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US5859376A - Iron base sintered alloy with hard particle dispersion and method for producing same - Google Patents

Iron base sintered alloy with hard particle dispersion and method for producing same Download PDF

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US5859376A
US5859376A US08787232 US78723297A US5859376A US 5859376 A US5859376 A US 5859376A US 08787232 US08787232 US 08787232 US 78723297 A US78723297 A US 78723297A US 5859376 A US5859376 A US 5859376A
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iron
molybdenum
chromium
hard
mo
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US08787232
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Akiyoshi Ishibashi
Tomonori Miyazawa
Kunio Maki
Akira Fujiki
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Nissan Motor Co Ltd
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Riken Corp
Nissan Motor Co Ltd
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    • CCHEMISTRY; METALLURGY
    • C22METALLURGY; FERROUS OR NON-FERROUS ALLOYS; TREATMENT OF ALLOYS OR NON-FERROUS METALS
    • C22CALLOYS
    • C22C33/00Making ferrous alloys
    • C22C33/02Making ferrous alloys by powder metallurgy
    • C22C33/0257Making ferrous alloys by powder metallurgy characterised by the range of the alloying elements
    • C22C33/0278Making ferrous alloys by powder metallurgy characterised by the range of the alloying elements with at least one alloying element having a minimum content above 5%
    • C22C33/0292Making ferrous alloys by powder metallurgy characterised by the range of the alloying elements with at least one alloying element having a minimum content above 5% with more than 5% preformed carbides, nitrides or borides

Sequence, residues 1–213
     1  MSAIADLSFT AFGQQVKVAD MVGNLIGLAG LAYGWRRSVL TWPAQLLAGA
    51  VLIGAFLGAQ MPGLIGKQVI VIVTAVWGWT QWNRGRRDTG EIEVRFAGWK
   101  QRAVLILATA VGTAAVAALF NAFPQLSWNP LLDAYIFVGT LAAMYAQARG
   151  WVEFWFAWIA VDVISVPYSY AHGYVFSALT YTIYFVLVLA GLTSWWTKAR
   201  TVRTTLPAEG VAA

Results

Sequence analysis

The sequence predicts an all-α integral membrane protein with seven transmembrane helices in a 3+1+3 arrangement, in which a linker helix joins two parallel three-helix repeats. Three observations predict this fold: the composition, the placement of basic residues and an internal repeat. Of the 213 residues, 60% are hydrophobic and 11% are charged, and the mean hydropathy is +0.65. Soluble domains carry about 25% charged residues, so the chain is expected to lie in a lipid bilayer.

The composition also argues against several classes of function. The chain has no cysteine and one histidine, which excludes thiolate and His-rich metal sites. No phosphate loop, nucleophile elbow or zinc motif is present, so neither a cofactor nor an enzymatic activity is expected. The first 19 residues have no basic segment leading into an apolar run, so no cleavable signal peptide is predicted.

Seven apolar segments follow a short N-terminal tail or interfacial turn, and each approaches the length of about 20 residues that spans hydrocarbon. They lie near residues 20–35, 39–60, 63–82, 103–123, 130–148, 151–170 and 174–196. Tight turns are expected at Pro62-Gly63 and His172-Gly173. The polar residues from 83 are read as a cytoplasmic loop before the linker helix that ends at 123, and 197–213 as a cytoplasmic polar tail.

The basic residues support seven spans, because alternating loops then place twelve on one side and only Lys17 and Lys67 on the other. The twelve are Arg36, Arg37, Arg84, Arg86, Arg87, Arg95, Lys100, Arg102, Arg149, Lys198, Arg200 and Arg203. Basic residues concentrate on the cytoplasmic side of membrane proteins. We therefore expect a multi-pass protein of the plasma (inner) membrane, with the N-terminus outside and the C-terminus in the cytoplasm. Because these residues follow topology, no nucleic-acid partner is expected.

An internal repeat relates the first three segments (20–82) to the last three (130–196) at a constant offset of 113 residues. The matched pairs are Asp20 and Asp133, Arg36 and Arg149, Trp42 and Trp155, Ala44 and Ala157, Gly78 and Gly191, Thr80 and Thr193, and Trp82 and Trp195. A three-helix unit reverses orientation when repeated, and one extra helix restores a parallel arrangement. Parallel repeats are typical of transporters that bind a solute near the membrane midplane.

• CCHEMISTRY; METALLURGY
    • C22METALLURGY; FERROUS OR NON-FERROUS ALLOYS; TREATMENT OF ALLOYS OR NON-FERROUS METALS
    • C22CALLOYS
    • C22C33/00Making ferrous alloys
    • C22C33/02Making ferrous alloys by powder metallurgy
    • C22C33/0207Using a mixture of prealloyed powders or a master alloy
    • CCHEMISTRY; METALLURGY
    • C22METALLURGY; FERROUS OR NON-FERROUS ALLOYS; TREATMENT OF ALLOYS OR NON-FERROUS METALS
    • C22CALLOYS
    • C22C33/00Making ferrous alloys
    • C22C33/02Making ferrous alloys by powder metallurgy
    • C22C33/0257Making ferrous alloys by powder metallurgy characterised by the range of the alloying elements

Abstract

An iron base sintered alloy with dispersed hard particles is provided which comprises by weight 3 to 15% nickel (Ni), 0.5 to 5% chromium (Cr), 0.5 to 2.0% carbon (C), the remainder iron (Fe) and unavoidable impurities. At least a part of nickel (Ni), molybdenum (Mo) and chromium (Cr) is contained in solid solution of an iron base matrix. At least a part of molybdenum (Mo) and chromium (Cr) is dispersed within the iron base matrix to form fine carbides or intermetallic compounds thereof. Uniformly dispersed within the iron base matrix are hard particles of 3 to 20% contain 50 to 57% chromium (Cr), 18 to 22% molybdenum (Mo), 8 to 12% cobalt (Co), 0.1 to 1.4% carbon (C), 0.8 to 1.3% silicon (Si) and the remainder iron (Fe) to strengthen the dispersion and remarkably improve wear resistance.

Description

FIELD OF THE INVENTION

This invention relates to iron base sintered alloys, in particular to wear resistant iron base sintered metals with dispersed hard particles suitable to manufacture of valve seats for high power automobile engines.

PRIOR ART

With progress of automobile engines designed for high power and for use of pollution-free clean fuel such as LPG, LNG and the like, valve seats of automobile engines tend to be subjected to further severer thermal and mechanical loads.

To cope with the increase of thermal and mechanical loads, the valve seats of automobile engines have been formed of metallic materials highly strengthened by consolidation to high alloys, forging and copper infiltration. For instance, chromium (Cr), cobalt (Co) and tungsten (W), when added to the material ingredients of iron base sintered metals, are effective to increase the strength of iron alloys at an elevated temperature against increase of the thermal load, and copper (Cu) is also indirectly effective to improve the thermal conductivity by infiltration. On the one hand, highly strengthen materials by high pressure forming, powder forging, cold forging, high temperature sintering or the like, are effective to endure increased mechanical loads.